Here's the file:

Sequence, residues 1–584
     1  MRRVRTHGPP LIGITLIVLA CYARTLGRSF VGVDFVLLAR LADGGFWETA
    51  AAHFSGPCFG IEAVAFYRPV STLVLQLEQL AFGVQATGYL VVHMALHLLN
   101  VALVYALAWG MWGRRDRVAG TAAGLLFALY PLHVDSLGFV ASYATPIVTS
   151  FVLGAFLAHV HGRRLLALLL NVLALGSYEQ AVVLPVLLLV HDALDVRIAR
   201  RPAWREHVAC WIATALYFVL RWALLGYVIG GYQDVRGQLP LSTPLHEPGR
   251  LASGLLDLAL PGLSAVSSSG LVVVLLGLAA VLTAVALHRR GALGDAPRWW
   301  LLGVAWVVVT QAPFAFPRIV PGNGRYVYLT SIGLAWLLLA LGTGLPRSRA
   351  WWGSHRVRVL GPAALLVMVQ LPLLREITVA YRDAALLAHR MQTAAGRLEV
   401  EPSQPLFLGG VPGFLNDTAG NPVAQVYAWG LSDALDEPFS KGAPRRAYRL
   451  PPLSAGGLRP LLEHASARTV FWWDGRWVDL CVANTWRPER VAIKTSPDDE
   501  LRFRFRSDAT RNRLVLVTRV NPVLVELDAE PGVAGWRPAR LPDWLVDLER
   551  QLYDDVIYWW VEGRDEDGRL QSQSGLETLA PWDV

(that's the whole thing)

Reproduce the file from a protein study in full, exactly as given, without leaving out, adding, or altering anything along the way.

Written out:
Sequence, residues 1–584
     1  MRRVRTHGPP LIGITLIVLA CYARTLGRSF VGVDFVLLAR LADGGFWETA
    51  AAHFSGPCFG IEAVAFYRPV STLVLQLEQL AFGVQATGYL VVHMALHLLN
   101  VALVYALAWG MWGRRDRVAG TAAGLLFALY PLHVDSLGFV ASYATPIVTS
   151  FVLGAFLAHV HGRRLLALLL NVLALGSYEQ AVVLPVLLLV HDALDVRIAR
   201  RPAWREHVAC WIATALYFVL RWALLGYVIG GYQDVRGQLP LSTPLHEPGR
   251  LASGLLDLAL PGLSAVSSSG LVVVLLGLAA VLTAVALHRR GALGDAPRWW
   301  LLGVAWVVVT QAPFAFPRIV PGNGRYVYLT SIGLAWLLLA LGTGLPRSRA
   351  WWGSHRVRVL GPAALLVMVQ LPLLREITVA YRDAALLAHR MQTAAGRLEV
   401  EPSQPLFLGG VPGFLNDTAG NPVAQVYAWG LSDALDEPFS KGAPRRAYRL
   451  PPLSAGGLRP LLEHASARTV FWWDGRWVDL CVANTWRPER VAIKTSPDDE
   501  LRFRFRSDAT RNRLVLVTRV NPVLVELDAE PGVAGWRPAR LPDWLVDLER
   551  QLYDDVIYWW VEGRDEDGRL QSQSGLETLA PWDV